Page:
Eshel, an organization whose mission is to create community and acceptance for lesbian, gay, bisexual, and transgender Jews and their families in Orthodox communities, will be marching with J-Pride.
Miryam Kabakov, the organization’s executive director, said the group has done extensive work on both coasts – primarily Los Angeles, New York, Philadelphia, and Baltimore – and got involved this year when J-Pride Program Coordinator Heather Renetzky reached out and asked her to speak at the J-Pride Community Summit in March.
“Demographically speaking, there are not that many Orthodox Jews in the Twin Cities who will be our allies or reach out to us,” said Kabakov, who has lived with her partner in St. Paul for the past nine years. “Throughout the years, I’ve been communicating with the modern Orthodox community here. Some of the members of Darchei Noam have been very receptive and want to get involved in some way.”
Renetzky said that she’s been following the work Eshel has done for a while and is happy that they are now able to partner together.
“As J-Pride, our goal is to bring the entire LGBT Jewish community and Jewish community together,” she said. “What’s exciting is that it allows us to reach out the more orthodox side of the spectrum, and it lets us deepen those relationships.”
Kabakov is hoping that modern orthodox allies will take part in the parade this year with J-Pride, wearing one of two free t-shirts that the group is giving away to those that are marching.
“At Eshel, a large number of our members are straight Orthodox allies, and we’re asking allies to come and participate,” she said. “We have ‘Orthodox Ally’ t-shirts and so if people want to show their support that way, that would be great. It’s a strong visual image. ”
The “Orthodox Ally” shirts started a year ago following the massacre of 49 LGBTQ people in an Orlando nightclub. A group from the New York synagogue Darchei Noam reached out to Eshel and asked if they could march with them as a show of support. Since then, there has been an Orthodox ally presence at Pride events in Atlanta, Philadelphia, and Baltimore.
“Our focus isn’t just getting LGBT Orthodox people to identify themselves because that’s harder for some people than being identified as an ally,” Kabakov said. “Coming out in the Orthodox community is complicated. As an ally, it’s complicated, but not as complicated as being LGBT.”
Kabakov said that part of what makes coming out in the Orthodox community so complicated is the belief that is against Jewish law.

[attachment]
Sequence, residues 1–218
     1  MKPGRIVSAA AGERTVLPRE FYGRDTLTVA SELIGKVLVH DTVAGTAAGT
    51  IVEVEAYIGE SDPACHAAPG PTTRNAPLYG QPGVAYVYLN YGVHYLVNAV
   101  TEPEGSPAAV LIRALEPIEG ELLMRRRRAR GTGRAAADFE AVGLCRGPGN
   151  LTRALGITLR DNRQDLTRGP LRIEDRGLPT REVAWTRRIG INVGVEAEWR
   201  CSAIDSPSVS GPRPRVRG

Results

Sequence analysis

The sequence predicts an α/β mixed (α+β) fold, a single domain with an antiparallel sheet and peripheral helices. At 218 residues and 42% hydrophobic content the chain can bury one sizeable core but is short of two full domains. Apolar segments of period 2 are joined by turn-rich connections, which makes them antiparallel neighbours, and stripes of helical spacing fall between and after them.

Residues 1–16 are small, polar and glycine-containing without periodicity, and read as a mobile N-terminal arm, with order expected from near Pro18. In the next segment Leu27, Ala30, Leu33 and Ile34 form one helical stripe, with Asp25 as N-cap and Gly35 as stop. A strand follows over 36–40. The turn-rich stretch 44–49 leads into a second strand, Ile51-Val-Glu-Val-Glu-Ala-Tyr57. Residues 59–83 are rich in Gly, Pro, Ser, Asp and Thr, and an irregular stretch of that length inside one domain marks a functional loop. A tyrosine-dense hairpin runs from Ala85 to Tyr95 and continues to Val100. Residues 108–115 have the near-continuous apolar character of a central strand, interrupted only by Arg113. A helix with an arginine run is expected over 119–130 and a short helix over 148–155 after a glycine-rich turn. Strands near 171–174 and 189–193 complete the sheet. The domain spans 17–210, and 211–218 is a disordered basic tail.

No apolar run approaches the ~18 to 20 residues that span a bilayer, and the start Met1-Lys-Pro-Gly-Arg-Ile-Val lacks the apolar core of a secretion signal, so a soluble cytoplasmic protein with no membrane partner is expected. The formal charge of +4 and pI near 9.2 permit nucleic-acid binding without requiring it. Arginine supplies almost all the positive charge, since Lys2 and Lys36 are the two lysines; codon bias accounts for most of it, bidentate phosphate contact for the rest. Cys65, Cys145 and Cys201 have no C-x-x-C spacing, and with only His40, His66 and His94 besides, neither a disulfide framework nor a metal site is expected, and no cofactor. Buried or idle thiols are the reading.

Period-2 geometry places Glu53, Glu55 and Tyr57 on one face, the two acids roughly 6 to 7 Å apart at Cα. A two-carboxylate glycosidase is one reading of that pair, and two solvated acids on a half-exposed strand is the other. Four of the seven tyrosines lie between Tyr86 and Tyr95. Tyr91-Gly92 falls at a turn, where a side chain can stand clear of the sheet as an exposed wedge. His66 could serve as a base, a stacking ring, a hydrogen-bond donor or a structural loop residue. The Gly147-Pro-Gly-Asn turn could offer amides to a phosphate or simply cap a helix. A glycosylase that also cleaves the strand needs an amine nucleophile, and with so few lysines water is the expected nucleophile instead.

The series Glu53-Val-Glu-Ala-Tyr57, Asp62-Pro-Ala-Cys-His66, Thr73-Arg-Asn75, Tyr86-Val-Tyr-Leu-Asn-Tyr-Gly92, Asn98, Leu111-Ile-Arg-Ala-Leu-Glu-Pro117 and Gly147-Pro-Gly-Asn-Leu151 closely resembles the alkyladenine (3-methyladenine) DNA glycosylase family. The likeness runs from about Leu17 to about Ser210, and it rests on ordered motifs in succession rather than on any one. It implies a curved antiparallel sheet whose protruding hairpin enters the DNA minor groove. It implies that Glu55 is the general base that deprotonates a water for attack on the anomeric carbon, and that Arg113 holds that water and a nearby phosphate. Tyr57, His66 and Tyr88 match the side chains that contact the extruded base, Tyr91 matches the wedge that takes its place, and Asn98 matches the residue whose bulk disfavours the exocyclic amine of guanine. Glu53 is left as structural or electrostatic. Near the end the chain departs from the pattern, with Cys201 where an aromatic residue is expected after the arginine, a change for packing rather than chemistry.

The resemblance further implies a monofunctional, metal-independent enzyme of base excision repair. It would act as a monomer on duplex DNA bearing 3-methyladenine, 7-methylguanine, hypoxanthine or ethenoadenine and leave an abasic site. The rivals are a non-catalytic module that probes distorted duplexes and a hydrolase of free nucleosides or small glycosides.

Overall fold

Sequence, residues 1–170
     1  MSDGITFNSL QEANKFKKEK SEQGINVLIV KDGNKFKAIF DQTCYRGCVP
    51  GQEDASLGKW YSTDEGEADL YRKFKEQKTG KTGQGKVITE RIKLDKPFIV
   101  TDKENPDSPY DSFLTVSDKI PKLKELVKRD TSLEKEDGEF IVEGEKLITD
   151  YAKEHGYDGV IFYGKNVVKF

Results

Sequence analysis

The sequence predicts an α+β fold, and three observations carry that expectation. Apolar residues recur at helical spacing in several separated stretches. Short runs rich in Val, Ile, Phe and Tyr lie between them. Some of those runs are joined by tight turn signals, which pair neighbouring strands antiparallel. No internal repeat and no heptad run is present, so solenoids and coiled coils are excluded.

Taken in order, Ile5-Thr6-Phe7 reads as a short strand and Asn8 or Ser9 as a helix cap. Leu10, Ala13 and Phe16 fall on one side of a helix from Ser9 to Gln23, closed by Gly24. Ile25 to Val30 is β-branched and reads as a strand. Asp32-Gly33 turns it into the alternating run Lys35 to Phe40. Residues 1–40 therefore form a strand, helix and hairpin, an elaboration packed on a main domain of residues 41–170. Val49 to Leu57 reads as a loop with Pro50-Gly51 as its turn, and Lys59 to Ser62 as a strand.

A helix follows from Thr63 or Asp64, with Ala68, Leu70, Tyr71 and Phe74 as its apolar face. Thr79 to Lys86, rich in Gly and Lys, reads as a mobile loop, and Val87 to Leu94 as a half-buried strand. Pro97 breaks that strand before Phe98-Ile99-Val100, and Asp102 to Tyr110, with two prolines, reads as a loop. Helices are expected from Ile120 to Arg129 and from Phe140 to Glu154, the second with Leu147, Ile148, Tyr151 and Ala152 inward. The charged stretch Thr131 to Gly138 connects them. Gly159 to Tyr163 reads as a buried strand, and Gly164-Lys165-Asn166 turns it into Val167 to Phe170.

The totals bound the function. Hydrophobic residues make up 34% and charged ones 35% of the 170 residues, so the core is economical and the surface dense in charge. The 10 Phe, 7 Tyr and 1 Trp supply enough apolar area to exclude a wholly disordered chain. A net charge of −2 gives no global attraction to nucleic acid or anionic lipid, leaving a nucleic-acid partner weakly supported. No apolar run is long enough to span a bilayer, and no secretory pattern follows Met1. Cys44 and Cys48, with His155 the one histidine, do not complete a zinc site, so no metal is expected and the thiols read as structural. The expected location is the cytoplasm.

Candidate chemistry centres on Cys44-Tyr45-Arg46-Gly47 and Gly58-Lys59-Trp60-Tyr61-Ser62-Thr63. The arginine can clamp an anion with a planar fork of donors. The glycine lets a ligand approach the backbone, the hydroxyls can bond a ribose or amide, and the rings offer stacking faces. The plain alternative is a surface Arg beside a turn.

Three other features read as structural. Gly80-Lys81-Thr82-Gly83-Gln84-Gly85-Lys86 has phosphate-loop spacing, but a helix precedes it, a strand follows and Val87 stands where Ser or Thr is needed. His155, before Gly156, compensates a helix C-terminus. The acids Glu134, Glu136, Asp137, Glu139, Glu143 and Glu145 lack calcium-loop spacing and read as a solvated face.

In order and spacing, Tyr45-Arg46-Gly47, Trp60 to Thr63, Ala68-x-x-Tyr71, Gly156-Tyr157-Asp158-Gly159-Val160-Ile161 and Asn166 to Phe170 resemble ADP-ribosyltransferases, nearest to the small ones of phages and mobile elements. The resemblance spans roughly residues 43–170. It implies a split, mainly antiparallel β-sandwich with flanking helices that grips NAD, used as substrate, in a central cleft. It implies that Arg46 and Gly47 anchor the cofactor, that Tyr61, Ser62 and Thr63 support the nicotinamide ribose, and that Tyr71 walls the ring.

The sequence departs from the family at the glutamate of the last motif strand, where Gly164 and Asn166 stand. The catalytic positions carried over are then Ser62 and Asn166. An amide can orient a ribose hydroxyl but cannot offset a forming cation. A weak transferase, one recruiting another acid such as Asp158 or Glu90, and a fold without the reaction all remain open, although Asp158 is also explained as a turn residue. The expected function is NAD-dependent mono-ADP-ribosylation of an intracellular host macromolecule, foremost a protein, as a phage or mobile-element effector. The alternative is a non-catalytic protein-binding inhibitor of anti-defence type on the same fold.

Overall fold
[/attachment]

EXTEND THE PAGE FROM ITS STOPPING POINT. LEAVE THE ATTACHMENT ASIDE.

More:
“It’s a contradiction in terms for some Orthodox people. There are a lot of stigmas, and along with the stigma goes being shunned or rejected, and not being fully embraced for who they are,” she said. “In ultra-orthodox communities, when the siblings of the LGBT person are getting married it’s harder to for them to find someone to marry. Some get kicked out of school or lose their jobs if working in a Jewish environment. It’s complicated.”
Being an Orthodox ally, she said, is still complicated. But less so.
“It’s less likely that you’ll be told you can’t fully participate in Jewish life or ritual life as an ally,” she said. “You’re less vulnerable to losing your job or your home. You’re vulnerable in that you might lose some friends. And that happens. You yourself aren’t committing that ‘sin’ but people may think you’re too open minded and disagree with you in for accepting LGBT people.”
A program that Eshel runs is called the Welcoming Shuls Project, which started when they received calls and emails from LGBT members who wanted to know which Orthodox communities would openly welcome them and their families.
“We’ve had rabbis who have signed on and they have been wonderful rabbis,” Kabakov said. “But we’ve had rabbis also be vocal about being an ally and they’ve been ostracized. There is tremendous peer pressure.”
Kabakov said that Eshel’s approach is to talk to members who feel there is a dissonance between their orthodoxy and what we know about being LGBTQ – that it’s not a choice.
“Something has to give. We don’t want people to leave their faith – in fact, it’s the opposite; we want people to keep it,” she said. “The only way to get around that is to create understanding and giving a face to people in the community. Lots of Orthodox leaders have gotten on board and been more understanding because of that.”
For more information about Eshel, you can e-mail Kabokov at [email protected].